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June 3 (Reuters) - Apple Inc on Monday launched a "Sign In With Apple" function to rival Facebook and Google web login accounts, drawing a contrast with rivals by stressing protection of users' private information.
Apple also said it would tighten controls on location tracking. When users sign in with their Google or Facebook Inc profiles to third-party apps, the apps often share valuable data with Google and Facebook, a practice that Apple is looking to stop. Apple said it has created a system to let users share an email address with apps without giving up their real email address.
Apple delivered the announcement to app developers who descended on San Jose, California, for the annual developer conference. Apple's App Store is a key driver of the iPhone maker's services segment, which brought in $37.1 billion in revenue last year.
Apple takes a cut of sales from apps sold through the store, though that practice is under scrutiny in several legal proceedings.
Investors are looking to Apple's services business to power revenue and profits as iPhone sales decline. Revenue from the company's signature device had its biggest-year-over year drop in Apple's most recent quarter.
But the company still sold more than 10 times as many iPhones and iPads as it did Mac computers last year, so many developers focus on writing their apps for them rather than the Mac.
The Mac Pro, a pricey high-powered machine intended for professional users such as movie editors, has never sold in great numbers. But the device is important to Apple's image as a technology leader and in courting the creative professionals that Apple co-founder Steve Jobs won over. Microsoft Corp has targeted the same users with its Surface Studio computers.
The annual developer conference is occurring against the backdrop of increased scrutiny of Apple's practices and those of other tech companies.
Two sources told Reuters the U.S. Justice Department has jurisdiction for a potential antitrust probe of Apple as part of a broader review of technology companies. The department's antitrust division and the Federal Trade Commission (FTC) met in recent weeks to give the Justice Department jurisdiction to undertake a potential antitrust probe of Apple and Google, owned by Alphabet Inc, the sources said.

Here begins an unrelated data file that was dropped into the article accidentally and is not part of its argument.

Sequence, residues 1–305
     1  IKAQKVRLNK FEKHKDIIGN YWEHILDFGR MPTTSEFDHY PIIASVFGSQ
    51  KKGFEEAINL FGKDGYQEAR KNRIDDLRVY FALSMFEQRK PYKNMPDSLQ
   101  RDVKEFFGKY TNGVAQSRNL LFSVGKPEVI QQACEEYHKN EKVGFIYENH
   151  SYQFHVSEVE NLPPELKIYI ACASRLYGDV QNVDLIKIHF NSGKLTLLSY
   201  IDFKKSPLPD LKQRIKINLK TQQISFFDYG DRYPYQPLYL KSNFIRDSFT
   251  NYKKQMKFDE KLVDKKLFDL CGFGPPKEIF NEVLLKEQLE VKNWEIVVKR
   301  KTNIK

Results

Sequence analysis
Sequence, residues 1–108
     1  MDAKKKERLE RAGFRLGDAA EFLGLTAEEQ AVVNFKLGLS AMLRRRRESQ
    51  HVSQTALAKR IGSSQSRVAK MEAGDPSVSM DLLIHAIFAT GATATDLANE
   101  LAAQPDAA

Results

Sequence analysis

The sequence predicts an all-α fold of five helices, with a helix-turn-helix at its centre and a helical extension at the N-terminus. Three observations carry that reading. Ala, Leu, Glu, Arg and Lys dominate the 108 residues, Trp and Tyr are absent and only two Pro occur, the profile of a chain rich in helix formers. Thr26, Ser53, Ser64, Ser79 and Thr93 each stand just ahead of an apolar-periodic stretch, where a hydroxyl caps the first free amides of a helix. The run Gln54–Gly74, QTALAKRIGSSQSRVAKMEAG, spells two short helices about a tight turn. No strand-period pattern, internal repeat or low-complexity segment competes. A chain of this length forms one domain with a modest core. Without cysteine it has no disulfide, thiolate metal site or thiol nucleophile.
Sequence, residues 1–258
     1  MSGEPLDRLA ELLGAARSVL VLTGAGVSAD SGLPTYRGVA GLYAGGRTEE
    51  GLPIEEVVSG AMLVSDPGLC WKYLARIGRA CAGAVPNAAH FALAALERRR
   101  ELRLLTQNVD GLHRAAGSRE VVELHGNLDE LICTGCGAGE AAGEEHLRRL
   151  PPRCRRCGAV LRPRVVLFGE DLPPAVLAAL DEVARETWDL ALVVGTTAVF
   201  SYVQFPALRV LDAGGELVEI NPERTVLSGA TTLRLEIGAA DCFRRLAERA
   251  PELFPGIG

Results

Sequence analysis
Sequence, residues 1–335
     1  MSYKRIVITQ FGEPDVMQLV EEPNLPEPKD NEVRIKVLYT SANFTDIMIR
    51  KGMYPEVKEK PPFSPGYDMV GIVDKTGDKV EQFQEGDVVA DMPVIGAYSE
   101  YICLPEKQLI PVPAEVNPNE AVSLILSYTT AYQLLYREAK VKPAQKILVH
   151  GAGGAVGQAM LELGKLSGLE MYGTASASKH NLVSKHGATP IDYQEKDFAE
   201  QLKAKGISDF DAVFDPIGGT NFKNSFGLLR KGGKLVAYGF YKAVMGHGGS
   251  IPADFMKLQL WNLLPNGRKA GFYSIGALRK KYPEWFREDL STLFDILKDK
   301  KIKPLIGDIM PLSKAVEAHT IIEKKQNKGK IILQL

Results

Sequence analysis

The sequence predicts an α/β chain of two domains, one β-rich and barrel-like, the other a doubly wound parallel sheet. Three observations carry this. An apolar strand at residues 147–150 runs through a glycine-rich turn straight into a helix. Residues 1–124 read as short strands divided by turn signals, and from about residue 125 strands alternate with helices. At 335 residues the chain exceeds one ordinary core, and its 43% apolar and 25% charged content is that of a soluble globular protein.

Last month, the U.S. Supreme Court allowed an antitrust lawsuit to proceed from users who allege Apple inflated app prices by not allowing iPhones to download them outside the App Store.
Spotify Technology SA, whose music service competes with Apple's, has lodged an antitrust complaint in Europe over Apple's App Store practices.
The next version of Apple's operating system, iOS 13, will make it faster to download and open apps.
Apple Chief Executive Tim Cook and software chief Craig Federighi are expected to announce in a keynote address at this year's developer conference new tools that will make it easier for developers to put their apps on Macs without completely rewriting the code.
Apple previewed the tools at last year's conference, saying they would be released this year, and Bloomberg reported in recent weeks that Apple still plans to release them.
The move could broaden the apps available for Macs and give Apple more chances to make money on apps for its longest-lived product line. Apple will also update its operating systems and apps at the annual conference.
Apple is also expected to retire the iTunes app for the Mac. Originally introduced in 2001 by Jobs as a way to load songs onto the then-new iPod, iTunes became sprawling over the years, letting users manage music and movies as well as handle backups and updates to iPhones and iPads.
Updates of iPhones can now be handled wirelessly, and Apple said it will replace iTunes with standalone apps for music, video content and podcasts, similar to how those tasks are handled on iPhones and iPads.
Apple also its AppleTV operating system will work with Microsoft Xbox and Sony Corp PlayStation video game controllers, and said that users of its Apple Watch will be able to buy apps directly from the Watch.
It also introduced a system that would let users encrypt home security camera footage with an iPad or HomePod before sending it to Apple's cloud so that Apple will not be able to view the video once it is stored in the cloud.
It also introduced an app for women to track their menstrual cycle, which will work on both the Watch and on iPhones. An app for measuring noise can warn Watch users their surroundings are too loud, but Apple noted it will not collect user recordings.
Apple shares were down 0.6 percent in afternoon trading.
(Reporting by Stephen Nellis; Writing by Nick Zieminski Editing by Paul Simao and Lisa Shumaker)